Moving northwards from Abruzzo the next region is Marche. I live here and religious events are not heart-felt everywhere, but there are some representations you have not to miss.

In Cantiano there is La Turba dating back to the 13th century. Turba means ‘crowd’ and in fact at that time the crowd prays God and Holy Mary to stop their poor life due to wars and famines and to peace. In Loreto, one of the most important religious destinations in Italy, there is a Easter Passion Play in costumes with hundreds of players and extras acted along the streets in the town. Since the Middle Ages in Porto Recanati there is a procession called La Bara de Notte (the coffin at night). A group of 12 barefoot fishermen called sciabegatti (from sciabega that is the fishing-net) carrying a 5-meter high wooden machine representing a coffin. There is only one artisan who knows how to assemble the pieces of the machine.

In Monterubbiano an Easter procession dates back to XIV century. On Good Friday women in grieving, Romans and the brothers of the Confraternity carry the coffin of Jesus decorated with precious velvets put on a 3-levels wagon. The procession takes place only in the even years!

If you are looking for something captivating you have to take part into the Dead Jesus procession in Cagli. More than 400 hooded barefoot brothers dressed with tunics and holding a torch walk along the streets accompanied by the sound of drums.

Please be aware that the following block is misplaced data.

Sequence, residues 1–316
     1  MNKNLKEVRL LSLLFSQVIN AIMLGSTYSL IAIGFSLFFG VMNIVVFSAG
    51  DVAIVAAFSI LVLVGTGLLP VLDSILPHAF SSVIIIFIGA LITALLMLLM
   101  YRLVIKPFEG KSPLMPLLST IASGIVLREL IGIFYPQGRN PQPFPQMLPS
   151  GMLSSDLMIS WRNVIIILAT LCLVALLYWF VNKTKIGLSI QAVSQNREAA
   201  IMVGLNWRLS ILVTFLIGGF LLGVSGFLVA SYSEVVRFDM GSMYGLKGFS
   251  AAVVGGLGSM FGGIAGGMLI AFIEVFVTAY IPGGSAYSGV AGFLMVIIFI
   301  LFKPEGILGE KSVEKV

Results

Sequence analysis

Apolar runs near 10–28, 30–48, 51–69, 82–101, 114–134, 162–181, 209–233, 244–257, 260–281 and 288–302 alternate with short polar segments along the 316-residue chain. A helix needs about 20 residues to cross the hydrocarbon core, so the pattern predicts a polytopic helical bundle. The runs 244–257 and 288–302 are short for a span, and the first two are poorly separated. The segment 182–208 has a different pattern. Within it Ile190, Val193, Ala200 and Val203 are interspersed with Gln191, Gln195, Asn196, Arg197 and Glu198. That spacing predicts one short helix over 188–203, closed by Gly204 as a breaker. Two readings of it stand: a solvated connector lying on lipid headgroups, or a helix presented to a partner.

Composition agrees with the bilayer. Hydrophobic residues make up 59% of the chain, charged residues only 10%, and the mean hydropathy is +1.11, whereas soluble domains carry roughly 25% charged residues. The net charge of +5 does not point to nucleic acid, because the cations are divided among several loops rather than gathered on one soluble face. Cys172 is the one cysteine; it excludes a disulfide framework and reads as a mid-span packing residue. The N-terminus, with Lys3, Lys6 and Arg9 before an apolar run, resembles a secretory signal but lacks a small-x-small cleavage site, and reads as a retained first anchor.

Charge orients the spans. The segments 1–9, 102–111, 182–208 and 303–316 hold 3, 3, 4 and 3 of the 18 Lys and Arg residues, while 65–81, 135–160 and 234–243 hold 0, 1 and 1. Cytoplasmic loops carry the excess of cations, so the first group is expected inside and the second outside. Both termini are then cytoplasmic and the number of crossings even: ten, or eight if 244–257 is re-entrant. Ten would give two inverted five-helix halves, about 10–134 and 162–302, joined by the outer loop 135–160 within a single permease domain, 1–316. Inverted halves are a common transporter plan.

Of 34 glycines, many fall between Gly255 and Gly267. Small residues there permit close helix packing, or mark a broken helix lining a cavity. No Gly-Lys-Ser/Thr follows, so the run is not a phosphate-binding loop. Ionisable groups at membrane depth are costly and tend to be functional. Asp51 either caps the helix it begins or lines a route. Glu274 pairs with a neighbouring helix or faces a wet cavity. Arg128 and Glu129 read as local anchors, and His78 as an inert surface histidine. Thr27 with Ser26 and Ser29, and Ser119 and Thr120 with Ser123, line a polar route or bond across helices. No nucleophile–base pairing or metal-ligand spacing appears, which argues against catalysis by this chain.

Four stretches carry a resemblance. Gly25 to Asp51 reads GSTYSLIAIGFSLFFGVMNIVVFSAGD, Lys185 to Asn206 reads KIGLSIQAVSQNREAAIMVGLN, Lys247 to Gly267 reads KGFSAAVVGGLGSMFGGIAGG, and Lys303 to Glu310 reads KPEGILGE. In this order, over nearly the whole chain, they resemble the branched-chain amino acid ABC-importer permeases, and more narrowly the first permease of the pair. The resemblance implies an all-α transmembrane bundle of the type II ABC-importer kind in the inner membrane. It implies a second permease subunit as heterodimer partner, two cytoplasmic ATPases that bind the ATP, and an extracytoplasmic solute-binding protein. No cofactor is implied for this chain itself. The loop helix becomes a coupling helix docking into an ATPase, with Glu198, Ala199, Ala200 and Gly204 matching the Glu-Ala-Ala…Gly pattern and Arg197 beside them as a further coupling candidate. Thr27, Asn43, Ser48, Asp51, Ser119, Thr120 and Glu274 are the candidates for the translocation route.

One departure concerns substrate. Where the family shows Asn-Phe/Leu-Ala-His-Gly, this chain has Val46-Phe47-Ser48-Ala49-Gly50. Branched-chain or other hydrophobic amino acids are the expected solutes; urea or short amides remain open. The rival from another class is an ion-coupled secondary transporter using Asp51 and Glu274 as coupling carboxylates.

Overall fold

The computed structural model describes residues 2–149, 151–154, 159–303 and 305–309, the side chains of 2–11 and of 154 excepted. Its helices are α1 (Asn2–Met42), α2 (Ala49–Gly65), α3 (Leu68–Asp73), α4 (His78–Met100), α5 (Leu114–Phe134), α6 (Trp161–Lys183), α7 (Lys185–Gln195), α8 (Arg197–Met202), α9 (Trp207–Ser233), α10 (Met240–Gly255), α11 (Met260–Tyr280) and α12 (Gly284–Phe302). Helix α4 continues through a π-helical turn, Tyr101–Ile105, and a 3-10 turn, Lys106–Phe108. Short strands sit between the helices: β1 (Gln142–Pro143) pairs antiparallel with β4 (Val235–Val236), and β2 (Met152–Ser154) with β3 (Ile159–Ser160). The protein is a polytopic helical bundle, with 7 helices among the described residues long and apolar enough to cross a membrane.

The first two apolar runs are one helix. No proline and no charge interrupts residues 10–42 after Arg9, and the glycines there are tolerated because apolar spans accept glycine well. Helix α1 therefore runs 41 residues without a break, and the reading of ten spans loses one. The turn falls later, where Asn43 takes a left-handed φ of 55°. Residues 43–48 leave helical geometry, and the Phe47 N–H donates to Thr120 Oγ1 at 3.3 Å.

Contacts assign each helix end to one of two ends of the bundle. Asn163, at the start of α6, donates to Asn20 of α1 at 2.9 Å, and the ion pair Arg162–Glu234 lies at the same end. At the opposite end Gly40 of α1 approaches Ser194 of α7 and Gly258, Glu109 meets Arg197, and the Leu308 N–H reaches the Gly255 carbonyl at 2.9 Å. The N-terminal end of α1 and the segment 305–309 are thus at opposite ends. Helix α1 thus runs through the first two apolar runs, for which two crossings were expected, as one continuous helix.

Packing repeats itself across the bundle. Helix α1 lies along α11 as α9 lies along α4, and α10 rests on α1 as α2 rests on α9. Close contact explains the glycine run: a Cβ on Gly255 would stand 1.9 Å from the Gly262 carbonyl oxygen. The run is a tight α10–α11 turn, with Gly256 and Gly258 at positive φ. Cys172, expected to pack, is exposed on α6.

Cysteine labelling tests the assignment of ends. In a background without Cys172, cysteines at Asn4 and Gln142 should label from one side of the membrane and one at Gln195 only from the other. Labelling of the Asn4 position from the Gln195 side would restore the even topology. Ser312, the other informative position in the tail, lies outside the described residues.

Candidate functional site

This region takes up a special place in my heart and I will dedicate an article only for the religious rituals taking place during Easter time. There are too many events and I would like to describe you everyone in the next days.


Sicily is one of the regions where Easter and the other religious rituals are strongly keeping alive. Here I will describe two events that are not too much religious. Archi di pane occurs in San Biagio Platani. The ritual was born in the 18th century. Two confraternities prepare archi (i.e. arches) with natural materials like canes, sallows, asparagus, cereals, breads and so on. Each of these materials is a symbol with its own significance. The most important part is the central one where resuscitated Jesus and the Holy Mary meet on Easter day.

Mimosa, the typical flower of Women’s Day